Last December, GOP Rep. Tim Leonard had the unusual dishonor of being an incumbent state legislature sent to jail for two weeks on a contempt of court charge–a ruling that reportedly stemmed from Leonard’s defiance of court orders giving his ex-wife full educational decisionmaking authority over their minor children.
Well, as the Colorado Independent’s Marianne Goodland reports, Leonard is working the “problem” that resulted in his incarceration from an end most citizens don’t have access to–the legislative end:
State Rep. Tim Leonard, who spent a couple weeks in jail last month on contempt charges stemming, in part, from his effort to opt his children out of certain state tests, has introduced a bill to eliminate some of those same tests for all Colorado public school students.
The tests are known as the Colorado Measures of Academic Success, or CMAS. They are given to students in grades three through 11.
Leonard’s bill would eliminate CMAS testing in social studies and do away with all CMAS assessments for ninth-graders…
House Democrats have not yet made a decision on whether to sanction Leonard for his problems in family court. He was Colorado’s first sitting lawmaker in at least four decades to spend time in jail.
They have, however, protested that Leonard was appointed to the House Education Committee, pointing out that he would be making decisions about public education despite the fact that he is barred by court order from making educational decisions for his own children.
After Rep. Leonard was ruled in contempt of court last October, he complained bitterly about the supposed problems in state law he blamed for the situation, such as the fact that “the school requires two signatures on a form” to opt children out of state tests. Of course, the real issue was Leonard refusing to comply with the court order to stay out of his kids’ educational matters, including his wife’s decision to not opt his children out of testing.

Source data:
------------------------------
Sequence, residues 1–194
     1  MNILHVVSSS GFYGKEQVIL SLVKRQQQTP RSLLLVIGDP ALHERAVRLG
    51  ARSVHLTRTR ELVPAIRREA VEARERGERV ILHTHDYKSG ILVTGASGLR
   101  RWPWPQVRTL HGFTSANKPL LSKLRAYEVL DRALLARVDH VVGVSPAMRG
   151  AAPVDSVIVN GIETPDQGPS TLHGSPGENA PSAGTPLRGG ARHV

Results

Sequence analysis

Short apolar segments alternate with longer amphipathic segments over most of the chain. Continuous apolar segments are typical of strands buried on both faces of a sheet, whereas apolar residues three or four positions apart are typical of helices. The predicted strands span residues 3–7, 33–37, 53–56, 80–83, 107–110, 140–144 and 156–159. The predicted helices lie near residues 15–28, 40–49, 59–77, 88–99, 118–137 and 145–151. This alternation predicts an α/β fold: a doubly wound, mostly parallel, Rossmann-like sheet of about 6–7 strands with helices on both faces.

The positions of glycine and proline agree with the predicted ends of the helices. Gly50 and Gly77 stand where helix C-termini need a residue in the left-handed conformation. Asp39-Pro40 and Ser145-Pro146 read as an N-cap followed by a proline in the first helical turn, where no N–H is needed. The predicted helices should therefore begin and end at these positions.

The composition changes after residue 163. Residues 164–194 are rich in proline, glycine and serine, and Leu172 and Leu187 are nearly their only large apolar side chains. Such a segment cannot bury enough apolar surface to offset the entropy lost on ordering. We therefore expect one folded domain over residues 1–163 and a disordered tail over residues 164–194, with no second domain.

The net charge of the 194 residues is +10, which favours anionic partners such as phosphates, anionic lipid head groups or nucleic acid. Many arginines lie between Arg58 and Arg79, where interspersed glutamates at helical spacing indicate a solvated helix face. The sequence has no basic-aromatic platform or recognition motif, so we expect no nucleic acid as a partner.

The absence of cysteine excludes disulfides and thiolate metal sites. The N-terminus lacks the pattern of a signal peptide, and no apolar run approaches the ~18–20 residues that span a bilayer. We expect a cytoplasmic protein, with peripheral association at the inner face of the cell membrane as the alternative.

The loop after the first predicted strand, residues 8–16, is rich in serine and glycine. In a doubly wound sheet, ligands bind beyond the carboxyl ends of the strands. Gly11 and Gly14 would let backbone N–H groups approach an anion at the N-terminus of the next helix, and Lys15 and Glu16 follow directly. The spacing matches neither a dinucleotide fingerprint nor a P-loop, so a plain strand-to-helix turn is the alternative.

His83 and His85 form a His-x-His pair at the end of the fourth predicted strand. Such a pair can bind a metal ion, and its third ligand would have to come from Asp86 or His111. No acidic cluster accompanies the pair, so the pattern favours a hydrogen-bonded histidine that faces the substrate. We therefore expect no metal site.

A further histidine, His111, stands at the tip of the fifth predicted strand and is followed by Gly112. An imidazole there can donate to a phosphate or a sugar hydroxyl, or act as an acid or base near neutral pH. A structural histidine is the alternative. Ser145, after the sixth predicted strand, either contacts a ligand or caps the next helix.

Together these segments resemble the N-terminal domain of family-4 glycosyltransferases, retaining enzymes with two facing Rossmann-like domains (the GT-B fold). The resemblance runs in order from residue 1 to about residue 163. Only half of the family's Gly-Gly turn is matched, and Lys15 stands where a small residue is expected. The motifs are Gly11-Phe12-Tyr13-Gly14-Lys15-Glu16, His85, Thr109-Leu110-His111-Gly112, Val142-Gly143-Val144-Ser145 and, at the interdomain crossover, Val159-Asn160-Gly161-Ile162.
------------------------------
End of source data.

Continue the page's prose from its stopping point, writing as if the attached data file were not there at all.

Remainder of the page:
Isn’t Leonard a lucky guy to have this kind of recourse after being sent to jail? The questions this chain of events invites are why some observers speculated that Leonard might not want to be a lawmaker anymore after his release. But as Joey Bunch at the Colorado Springs Gazette reports, Leonard apparently feels no conflict about voting on education policy, even now:
[Rep. Sue] Lontine is sponsoring a bill to impose a statewide ban on corporal punishment in public schools, state-licensed child care facilities and specialized group homes. House Bill 1038 passed the House Education Committee Monday afternoon, 11-2. Republican Reps. Justin Everett of Littleton and Tim Leonard of Evergreen voted against it.
With all due respect, here’s hoping that vote was not motivated by experience.